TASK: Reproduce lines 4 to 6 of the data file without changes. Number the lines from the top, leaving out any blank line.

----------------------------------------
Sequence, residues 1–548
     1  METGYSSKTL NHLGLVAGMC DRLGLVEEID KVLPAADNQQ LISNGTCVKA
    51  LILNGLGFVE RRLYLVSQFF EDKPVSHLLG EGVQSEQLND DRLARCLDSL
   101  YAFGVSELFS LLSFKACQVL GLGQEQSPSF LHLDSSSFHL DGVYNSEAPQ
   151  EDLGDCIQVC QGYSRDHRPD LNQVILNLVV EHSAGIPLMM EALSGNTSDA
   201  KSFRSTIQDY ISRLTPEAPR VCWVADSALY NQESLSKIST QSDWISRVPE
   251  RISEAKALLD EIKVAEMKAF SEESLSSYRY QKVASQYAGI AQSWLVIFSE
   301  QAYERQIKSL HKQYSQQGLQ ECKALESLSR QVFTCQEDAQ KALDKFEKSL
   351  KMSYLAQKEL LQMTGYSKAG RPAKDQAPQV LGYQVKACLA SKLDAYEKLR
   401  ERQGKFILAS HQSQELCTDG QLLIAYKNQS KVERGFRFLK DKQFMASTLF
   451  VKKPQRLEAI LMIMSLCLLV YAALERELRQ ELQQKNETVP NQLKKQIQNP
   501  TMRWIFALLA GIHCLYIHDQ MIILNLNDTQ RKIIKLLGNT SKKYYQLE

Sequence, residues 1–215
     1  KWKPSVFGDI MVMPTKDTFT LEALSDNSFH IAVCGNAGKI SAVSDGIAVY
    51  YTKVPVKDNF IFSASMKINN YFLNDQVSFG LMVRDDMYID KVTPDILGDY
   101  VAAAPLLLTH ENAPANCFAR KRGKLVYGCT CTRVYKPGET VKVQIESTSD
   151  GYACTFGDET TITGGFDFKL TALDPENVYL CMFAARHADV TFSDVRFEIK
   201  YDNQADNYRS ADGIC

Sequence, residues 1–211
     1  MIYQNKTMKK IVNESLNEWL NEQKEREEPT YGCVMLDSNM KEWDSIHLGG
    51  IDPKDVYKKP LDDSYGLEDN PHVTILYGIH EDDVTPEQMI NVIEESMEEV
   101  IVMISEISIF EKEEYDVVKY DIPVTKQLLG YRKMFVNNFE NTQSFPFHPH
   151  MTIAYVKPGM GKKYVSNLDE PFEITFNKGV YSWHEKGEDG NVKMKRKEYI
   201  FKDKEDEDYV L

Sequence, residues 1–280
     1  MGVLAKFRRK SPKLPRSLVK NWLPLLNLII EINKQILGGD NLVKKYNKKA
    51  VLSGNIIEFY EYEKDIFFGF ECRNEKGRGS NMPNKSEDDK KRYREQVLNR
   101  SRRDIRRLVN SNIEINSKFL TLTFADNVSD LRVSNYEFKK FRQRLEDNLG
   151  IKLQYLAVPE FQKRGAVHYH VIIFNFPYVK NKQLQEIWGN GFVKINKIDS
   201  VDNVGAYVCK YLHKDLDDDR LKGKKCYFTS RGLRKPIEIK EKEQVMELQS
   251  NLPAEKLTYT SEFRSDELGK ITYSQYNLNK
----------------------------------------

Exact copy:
   101  YAFGVSELFS LLSFKACQVL GLGQEQSPSF LHLDSSSFHL DGVYNSEAPQ
   151  EDLGDCIQVC QGYSRDHRPD LNQVILNLVV EHSAGIPLMM EALSGNTSDA
   201  KSFRSTIQDY ISRLTPEAPR VCWVADSALY NQESLSKIST QSDWISRVPE